1. These are really good strategies. It always pays to be prepared since you never know when it can happen to you.

    • Thanks CFM. Yes, I couldn’t agree more. Why not do as much as I can?

  2. I’ve never been in a position where I’ve been at risk of being “downsized” but it doesn’t sound like a fun one.

    At my job, budget cuts usually mean we all just get less in benefits and extras. There aren’t any paid-for company outings, there’s no budget for people to travel to conferences, and other benefits are taken away, too. Not fun, but at least we’ve all been able to keep our jobs so far.

    • That sounds like we have a great alternative. 🙂 It’s definitely not a good feeling knowing that you could be let go.

  3. I may not be affected with this Hiring Freeze words, but thinking about those individuals experiencing from this is so sad… Maybe they have to be prepared and think of other alternative jobs for their living.

  4. While we did not hear the words Hiring Freeze, we knew the owners were struggling and they cut hours drastically. Unfortuantly this being the second year of hard knocks we are not really prepared as we have already used up all our available resources. Last year we had no work at all for an entire year and lived off scrap metaling and side jobs here and there.

    In our new area we have been looking for other opportunities but they just are not here, even Michigan Works was no help……now I sit and ponder okay so don’t LOOK for work CREATE work and that is what I am working on now!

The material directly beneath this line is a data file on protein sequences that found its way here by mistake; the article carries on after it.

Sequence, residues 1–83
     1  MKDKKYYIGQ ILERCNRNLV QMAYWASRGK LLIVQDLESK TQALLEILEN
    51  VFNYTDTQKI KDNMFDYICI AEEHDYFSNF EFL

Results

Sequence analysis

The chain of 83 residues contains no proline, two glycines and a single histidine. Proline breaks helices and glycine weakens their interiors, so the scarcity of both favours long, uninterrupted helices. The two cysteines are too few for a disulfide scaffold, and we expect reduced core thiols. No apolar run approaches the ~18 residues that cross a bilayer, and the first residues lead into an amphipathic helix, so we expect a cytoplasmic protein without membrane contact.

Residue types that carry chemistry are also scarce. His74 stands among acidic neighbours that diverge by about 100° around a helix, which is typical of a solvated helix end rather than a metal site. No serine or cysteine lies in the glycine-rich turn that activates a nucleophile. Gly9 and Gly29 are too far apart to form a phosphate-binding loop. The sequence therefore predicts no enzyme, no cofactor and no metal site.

Great tips!

    • Wow, it sounds like you have been through a lot. Thanks for sharing.

  5. Good points! Control what you can when things outside your control occurs.

  6. Those are all great ideas! At my last employer I survived 5 rounds of layoffs over 8 years. The key is not to stress over things you cannot control. Always have a plan B and should be fine.

  7. Yes, that’s what I’m trying to do. I’m not worried, but I am aware of it and working to build up a backup plan, like you said.

  8. I like your ideas here Derek. Looking for other jobs is great advice. I think an active and busy person is more employable than someone that waits for a job specifically in their preferred field.

  9. Great guest post, Corey! Your subject makes me think of the old Robert Allen saying that goes something like “There is a freedom door and a security door. Whoever reaches for the security door gets neither.” I’m sure I butchered it, but you get the point. Working for someone else is always going to mean a certain unease because you aren’t in control.